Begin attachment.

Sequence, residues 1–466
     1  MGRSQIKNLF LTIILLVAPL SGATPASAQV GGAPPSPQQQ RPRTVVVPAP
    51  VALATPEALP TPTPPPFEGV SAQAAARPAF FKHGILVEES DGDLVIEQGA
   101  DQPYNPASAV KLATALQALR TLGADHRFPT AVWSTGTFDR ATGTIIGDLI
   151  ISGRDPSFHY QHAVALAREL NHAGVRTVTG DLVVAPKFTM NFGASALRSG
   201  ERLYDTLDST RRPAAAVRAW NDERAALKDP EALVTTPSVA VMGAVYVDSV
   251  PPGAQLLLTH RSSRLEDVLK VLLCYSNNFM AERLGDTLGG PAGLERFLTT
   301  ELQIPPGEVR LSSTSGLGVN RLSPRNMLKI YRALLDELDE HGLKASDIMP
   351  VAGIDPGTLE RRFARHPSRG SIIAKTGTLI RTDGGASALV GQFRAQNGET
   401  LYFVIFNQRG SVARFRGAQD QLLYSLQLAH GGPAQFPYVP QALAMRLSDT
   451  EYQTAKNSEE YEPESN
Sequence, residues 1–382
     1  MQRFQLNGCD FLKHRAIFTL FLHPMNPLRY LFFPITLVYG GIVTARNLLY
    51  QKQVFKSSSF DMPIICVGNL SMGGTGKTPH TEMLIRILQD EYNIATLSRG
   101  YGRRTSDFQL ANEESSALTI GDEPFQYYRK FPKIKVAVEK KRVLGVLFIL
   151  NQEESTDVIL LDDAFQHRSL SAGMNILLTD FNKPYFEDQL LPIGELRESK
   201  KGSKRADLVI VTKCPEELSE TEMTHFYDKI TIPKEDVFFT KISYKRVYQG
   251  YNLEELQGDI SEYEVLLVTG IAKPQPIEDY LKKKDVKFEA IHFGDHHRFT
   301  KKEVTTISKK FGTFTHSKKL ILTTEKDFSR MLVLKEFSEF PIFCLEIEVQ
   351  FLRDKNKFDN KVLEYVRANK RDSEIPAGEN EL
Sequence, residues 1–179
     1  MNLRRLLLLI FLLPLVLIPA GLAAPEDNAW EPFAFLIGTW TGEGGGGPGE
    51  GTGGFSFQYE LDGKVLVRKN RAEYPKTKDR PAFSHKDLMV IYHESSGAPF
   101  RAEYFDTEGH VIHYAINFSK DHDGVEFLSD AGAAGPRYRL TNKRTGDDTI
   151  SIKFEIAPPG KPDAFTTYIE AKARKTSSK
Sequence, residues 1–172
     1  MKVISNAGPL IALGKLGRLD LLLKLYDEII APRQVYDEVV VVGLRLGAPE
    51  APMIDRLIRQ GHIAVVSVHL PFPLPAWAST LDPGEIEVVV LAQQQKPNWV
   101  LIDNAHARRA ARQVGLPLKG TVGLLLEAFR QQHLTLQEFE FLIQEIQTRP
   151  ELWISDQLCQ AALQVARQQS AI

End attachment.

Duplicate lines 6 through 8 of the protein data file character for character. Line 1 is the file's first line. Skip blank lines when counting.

   201  ERLYDTLDST RRPAAAVRAW NDERAALKDP EALVTTPSVA VMGAVYVDSV
   251  PPGAQLLLTH RSSRLEDVLK VLLCYSNNFM AERLGDTLGG PAGLERFLTT
   301  ELQIPPGEVR LSSTSGLGVN RLSPRNMLKI YRALLDELDE HGLKASDIMP